The Last Refuge of Old Europe: Fleeing Modernity, Nietzsche Fell for Turin's Old-Fashioned Charm. There Lies the City's Salvation, Writes Pankaj Mishra
Mishra, Pankaj, New Statesman (1996)
When, in April 1888, Nietzsche arrived in Turin he found a city diminished. In the 16th century it had been the capital of the Duchy of Savoy, and then the political and intellectual centre of the Risorgimento movement for Italian political unification. When the newly unified Italy moved its capital to Florence, Turin's industrial resurgence was still some years away. Not surprisingly, Nietzsche, a refugee from modernising Europe, fell for it immediately.
"This is a city I can use now!" he wrote to a friend. "What a worthy and serious city! Not at all a metropolis, not at all modern, as I had feared: rather, it is a city of 17th-century royalty, which has but one commanding taste in all things, that of the court and the nobles. Aristocratic tranquillity in everything has been preserved; there are no nasty suburbs."
I remember reading this letter in India in the late 1980s, before I had visited Europe. In my eyes Nietzsche's last years had a tragic grandeur: the solitary genius wandering anonymously across Europe, full of dire premonitions of the disasters awaiting the continent as it entered the nihilistic age of nationalism and industrial capitalism. And I wanted most, among all the places where Nietzsche had lived, to visit Turin, the city where one winter morning his clear-sightedness finally became a disease.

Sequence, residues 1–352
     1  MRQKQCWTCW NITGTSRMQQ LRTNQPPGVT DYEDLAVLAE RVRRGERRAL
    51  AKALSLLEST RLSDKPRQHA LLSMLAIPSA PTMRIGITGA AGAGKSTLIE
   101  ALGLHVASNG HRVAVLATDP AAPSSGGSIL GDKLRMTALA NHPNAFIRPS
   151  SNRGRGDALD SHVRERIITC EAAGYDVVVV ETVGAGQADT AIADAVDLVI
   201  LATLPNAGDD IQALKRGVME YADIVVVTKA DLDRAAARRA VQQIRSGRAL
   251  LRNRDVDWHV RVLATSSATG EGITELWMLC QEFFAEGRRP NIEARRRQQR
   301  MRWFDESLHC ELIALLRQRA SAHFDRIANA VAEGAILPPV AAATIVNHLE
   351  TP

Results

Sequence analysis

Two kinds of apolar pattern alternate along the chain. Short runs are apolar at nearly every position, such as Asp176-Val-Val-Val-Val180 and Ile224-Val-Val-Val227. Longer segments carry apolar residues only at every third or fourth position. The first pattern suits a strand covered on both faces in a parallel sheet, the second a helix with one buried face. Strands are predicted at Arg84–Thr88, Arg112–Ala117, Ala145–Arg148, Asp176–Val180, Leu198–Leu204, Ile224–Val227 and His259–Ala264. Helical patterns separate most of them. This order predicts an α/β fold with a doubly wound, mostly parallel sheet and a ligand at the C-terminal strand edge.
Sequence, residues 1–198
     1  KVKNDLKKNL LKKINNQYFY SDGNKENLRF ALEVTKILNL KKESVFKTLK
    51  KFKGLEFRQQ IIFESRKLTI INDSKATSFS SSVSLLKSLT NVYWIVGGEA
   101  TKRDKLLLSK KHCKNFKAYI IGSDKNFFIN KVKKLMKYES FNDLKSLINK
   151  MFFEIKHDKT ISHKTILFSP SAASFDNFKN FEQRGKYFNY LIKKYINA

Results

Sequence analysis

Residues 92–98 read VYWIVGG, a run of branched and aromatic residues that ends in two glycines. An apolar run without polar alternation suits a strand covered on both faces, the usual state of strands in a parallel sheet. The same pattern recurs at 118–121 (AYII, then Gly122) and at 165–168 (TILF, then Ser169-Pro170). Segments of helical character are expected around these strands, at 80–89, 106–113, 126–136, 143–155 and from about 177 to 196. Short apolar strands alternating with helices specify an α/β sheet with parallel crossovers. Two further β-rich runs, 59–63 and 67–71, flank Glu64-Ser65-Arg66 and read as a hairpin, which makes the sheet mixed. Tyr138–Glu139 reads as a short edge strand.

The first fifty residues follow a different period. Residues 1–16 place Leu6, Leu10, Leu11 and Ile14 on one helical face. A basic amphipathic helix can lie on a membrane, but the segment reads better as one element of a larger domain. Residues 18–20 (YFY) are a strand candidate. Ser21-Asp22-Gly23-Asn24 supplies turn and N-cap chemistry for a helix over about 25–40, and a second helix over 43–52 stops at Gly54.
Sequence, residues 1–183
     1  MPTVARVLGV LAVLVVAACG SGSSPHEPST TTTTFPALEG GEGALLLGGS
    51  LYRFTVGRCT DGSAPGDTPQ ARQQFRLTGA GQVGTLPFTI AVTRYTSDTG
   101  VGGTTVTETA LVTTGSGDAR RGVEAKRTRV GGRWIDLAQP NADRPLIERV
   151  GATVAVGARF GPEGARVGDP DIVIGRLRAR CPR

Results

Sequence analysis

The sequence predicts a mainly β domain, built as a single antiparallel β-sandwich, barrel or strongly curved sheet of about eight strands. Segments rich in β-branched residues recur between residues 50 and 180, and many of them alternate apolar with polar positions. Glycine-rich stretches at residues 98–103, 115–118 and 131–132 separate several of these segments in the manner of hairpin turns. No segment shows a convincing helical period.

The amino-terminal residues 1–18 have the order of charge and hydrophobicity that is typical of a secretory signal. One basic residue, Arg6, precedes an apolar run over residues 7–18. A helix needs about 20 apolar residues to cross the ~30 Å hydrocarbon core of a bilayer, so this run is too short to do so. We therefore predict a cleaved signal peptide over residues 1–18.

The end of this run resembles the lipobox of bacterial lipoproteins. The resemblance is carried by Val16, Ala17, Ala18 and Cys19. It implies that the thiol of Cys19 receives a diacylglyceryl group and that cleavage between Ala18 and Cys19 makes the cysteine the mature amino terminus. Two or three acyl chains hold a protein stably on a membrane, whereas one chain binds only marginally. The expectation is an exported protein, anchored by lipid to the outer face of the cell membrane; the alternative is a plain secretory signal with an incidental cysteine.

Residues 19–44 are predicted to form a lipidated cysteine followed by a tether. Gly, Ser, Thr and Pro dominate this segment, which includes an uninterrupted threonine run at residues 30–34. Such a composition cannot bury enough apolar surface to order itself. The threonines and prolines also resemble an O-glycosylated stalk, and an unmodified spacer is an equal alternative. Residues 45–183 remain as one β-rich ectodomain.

In 2003, when finally I travelled to Turin, it had clearly changed. Before and after the Second World War it had been Italy's industrial capital, largely due to the Fiat factory that was based just outside the centre. Its suburbs, though not nasty, seemed as bleak as those of any European city. Much of Turin was heavily bombed--the war forms the backdrop to Cesare Pavese's great novel The House on the Hill (1949).
Yet it wasn't hard to see in the Baroque centre the place that Nietzsche had known: opulent palaces built by the House of Savoy; long, arcaded avenues of stuccoed yellow and brown buildings; flagstone pavements; the piazzas that were big without losing their intimacy.
Turin had retained some of its confident aristocratic air and a quality that was oddly placeless--unlike most Italian cities, it seems little touched by the Renaissance--but also uniquely European. And, almost by miracle, it seemed to have avoided being overwhelmed by the signs of the global culture of consumerism that now blight not only the conurbations of "Free Europe" but also those of the formerly unfree world: Prague, Beijing and Calcutta.
On my first day in Turin I walked to the Via Carlo Alberto, where Nietzsche had spent a few months in a room in a four-storey building called the Galleria Subalpina. On the Via Roma, the main shopping street, were outlets of Armani, Versace and Gucci; but there were also smaller shops selling leather goods and clothes--products of Italy's family-owned small businesses and industries--and the city centre seemed remarkably free of the branches of Starbucks and McDonald's and other multinational brand-name stores that give so many old European cities a dreary modernity.
Old-fashioned bookshops, often tucked away in little alleys, were still ubiquitous in Turin. The elegant little volumes from Einaudi and Adelphi gave the impression, if not of a still flourishing and deepening European culture, then of a heritage of reflection and complexity.
The city had been in decline for some time, even while the Italian economy was booming, and it now had a rapidly ageing and diminishing population. …